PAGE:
As the co-founder of Synergy Social Ventures, a Hong Kong-based organization that helps early stage social ventures find the money, skills, and support they need to grow, I spend a lot of time helping entrepreneurs prepare for talks with investors.
In my experience, I’ve seen the massive potential for miscommunication between the two parties. With their financial jargon, investors often get a bad rap for being difficult to understand. On the other hand, entrepreneurs have the dual goals of impact and financial return, an intertwined narrative that can often be difficult to clearly articulate. In general, investors and entrepreneurs come from different backgrounds and perspectives, and consequently speak different languages—a potential barrier that can lead to long-term consequences for both parties.
This barrier grows when teams of founders and investors fail to openly share their critical questions and concerns. To ensure entrepreneurs and investors don’t suffer from easily avoidable miscommunications, here are four fundamental questions entrepreneurs should always ask potential investors.
1. What are the short-term and long-term goals for your investments? How does this investment fit into your overall portfolio goals?
I have seen more than a few investments made where the entrepreneurs and investors had significantly different objectives, but were unaware of the misalignment until months later. Both sides need to clearly articulate realistic goals and expectations up front. The investor needs to clearly understand your business and the way you envision its trajectory. It’s your responsibility as the entrepreneur to convince them it’s investment ready and worthy. Of all the potential high-profit ventures they can invest in, why should they want to support your venture? Why should they believe in your particular business model?
2. What is your social versus financial return expectation? Is 7% or 17% a successful financial return, for example?
Even when speaking with investors, you shouldn’t make assumptions about their financial goals. This should be openly discussed. A lot of jargon is used in investment discussions that is new for entrepreneurs. Instead of making assumptions or being afraid of clarifying what you don’t understand, don’t be afraid to ask basic questions in plain language and talk in concrete numbers.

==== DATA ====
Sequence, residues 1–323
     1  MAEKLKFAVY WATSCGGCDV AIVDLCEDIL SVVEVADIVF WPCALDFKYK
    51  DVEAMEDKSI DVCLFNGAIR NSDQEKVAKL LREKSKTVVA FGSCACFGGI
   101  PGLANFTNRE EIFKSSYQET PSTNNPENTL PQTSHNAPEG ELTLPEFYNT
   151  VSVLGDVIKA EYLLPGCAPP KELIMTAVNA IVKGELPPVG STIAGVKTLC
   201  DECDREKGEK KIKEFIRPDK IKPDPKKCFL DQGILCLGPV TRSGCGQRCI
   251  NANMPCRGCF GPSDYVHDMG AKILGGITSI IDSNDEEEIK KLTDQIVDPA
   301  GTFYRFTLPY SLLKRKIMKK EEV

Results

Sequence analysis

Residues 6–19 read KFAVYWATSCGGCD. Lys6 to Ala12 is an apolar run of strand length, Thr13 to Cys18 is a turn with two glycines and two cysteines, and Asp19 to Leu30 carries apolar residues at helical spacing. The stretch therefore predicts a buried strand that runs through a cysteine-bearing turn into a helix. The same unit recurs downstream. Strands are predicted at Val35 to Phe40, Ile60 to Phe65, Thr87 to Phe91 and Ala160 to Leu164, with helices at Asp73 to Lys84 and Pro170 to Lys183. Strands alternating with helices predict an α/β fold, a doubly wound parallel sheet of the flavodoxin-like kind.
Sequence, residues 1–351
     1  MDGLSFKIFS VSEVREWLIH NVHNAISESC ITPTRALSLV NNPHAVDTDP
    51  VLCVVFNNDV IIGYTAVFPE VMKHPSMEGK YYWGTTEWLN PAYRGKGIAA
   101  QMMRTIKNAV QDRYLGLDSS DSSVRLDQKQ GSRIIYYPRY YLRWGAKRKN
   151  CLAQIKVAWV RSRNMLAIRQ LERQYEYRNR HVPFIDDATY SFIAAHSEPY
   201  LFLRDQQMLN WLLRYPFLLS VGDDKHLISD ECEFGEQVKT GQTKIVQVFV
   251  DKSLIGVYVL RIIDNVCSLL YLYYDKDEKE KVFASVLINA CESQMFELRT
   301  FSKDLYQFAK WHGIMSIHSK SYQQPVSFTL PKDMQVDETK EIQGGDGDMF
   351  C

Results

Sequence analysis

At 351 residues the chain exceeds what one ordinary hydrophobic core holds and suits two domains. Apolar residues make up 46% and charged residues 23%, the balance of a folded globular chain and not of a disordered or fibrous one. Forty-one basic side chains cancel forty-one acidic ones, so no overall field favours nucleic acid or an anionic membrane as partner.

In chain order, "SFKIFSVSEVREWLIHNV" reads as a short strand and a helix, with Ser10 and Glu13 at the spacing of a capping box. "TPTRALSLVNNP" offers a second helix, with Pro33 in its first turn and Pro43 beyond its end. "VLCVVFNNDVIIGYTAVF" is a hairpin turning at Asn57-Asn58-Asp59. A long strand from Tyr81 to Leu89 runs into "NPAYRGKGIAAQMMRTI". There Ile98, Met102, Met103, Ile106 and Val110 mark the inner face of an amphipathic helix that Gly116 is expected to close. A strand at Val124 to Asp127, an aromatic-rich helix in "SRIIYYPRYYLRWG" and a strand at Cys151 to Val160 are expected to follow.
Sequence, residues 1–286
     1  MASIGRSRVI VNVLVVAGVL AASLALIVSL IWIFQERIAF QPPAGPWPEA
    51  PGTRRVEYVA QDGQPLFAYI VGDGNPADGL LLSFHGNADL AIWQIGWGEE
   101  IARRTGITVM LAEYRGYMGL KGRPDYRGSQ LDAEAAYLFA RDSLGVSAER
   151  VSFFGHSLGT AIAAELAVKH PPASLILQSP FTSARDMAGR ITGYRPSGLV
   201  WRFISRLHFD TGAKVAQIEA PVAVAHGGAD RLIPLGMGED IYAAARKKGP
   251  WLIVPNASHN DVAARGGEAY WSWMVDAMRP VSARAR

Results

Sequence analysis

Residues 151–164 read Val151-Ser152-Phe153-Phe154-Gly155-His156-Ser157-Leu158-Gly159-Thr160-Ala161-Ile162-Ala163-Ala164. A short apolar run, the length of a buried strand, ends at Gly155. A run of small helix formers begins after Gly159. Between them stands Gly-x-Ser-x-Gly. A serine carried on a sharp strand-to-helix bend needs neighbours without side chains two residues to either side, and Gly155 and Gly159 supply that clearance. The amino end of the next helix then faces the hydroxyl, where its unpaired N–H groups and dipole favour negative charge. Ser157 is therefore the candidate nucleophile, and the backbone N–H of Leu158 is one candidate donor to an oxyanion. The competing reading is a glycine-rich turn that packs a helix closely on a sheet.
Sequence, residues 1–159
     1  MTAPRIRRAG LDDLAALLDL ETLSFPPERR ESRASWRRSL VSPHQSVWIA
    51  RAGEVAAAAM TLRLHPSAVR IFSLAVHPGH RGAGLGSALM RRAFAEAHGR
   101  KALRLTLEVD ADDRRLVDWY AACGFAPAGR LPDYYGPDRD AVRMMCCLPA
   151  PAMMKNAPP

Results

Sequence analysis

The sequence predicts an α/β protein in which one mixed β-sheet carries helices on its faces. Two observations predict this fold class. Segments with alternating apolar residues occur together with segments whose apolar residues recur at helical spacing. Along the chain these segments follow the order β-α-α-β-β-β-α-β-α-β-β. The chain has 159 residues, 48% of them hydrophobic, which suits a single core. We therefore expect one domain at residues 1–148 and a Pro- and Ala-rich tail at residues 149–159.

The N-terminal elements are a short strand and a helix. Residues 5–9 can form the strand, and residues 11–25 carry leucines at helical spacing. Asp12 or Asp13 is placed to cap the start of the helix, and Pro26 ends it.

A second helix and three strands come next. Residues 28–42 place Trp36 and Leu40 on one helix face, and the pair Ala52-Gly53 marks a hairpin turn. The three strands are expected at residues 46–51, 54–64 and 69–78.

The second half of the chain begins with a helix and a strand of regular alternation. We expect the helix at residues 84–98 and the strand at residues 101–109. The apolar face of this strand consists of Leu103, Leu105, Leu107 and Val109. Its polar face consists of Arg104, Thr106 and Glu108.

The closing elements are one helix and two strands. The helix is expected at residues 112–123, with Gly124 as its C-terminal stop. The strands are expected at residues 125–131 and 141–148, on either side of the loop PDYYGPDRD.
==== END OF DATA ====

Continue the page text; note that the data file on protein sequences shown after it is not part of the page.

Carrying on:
3. What is your exit strategy for this investment?
The exit is a critical part of the investment relationship. You will want to know how and when the investors expect to be repaid. It goes without saying that growing the venture is the goal, but how will that growth translate into cash back for the investor? For example, what if you find out after a year that the investor thinks the only logical exit for your venture is getting acquired by a large company, whose mission you strongly disagree with? You won’t be happy, but you might be stuck. Asking exit-related questions from the get-go helps you understand the trajectory an investor has in mind for your venture. While an investor might see an acquisition of the venture within five years as a no-brainer, you may have a different strategy in mind. Don’t forget to articulate that.
4. What attracts you most to our company? What gets you excited?
As an entrepreneur, you start a venture because you are passionate about something, whether it’s creating a new product or solving a major problem in the world. Success requires hard work, dedication and sacrifice. It is critical to partner with investors who share the same goals that make the work and sacrifice worth it for you. A shared passion for a common goal is one of the most important factors in the entrepreneur-investor relationship.
As the entrepreneur, you are likely used to answering questions from investors—not asking them. You don’t want to jeopardize a potential investment, or perhaps you feel intimidated by jargon-spewing investors who appear to have more knowledge about the respective sector than you do.
You must realize you have power, too. You can and should ask questions to determine if the relationship is a mutual fit. An investment is a long-term partnership, and misalignment on values and objectives can be even more detrimental to a venture than no investment at all.
This was originally posted in Unreasonable by Jana Svedova.
Jana is the co-founder of Synergy Social Ventures, a San Francisco and Hong Kong based nonprofit organization that supports early stage social ventures in Southeast Asia. She launched this organization after recognizing the need for innovation around how we support social ventures in their early and most challenging stages. Jana is also currently Director of Impact Investing at the Sauder School of Business in Vancouver, where she previously led the Coast Capital Savings Innovation Hub, an award-winning social venture incubator program.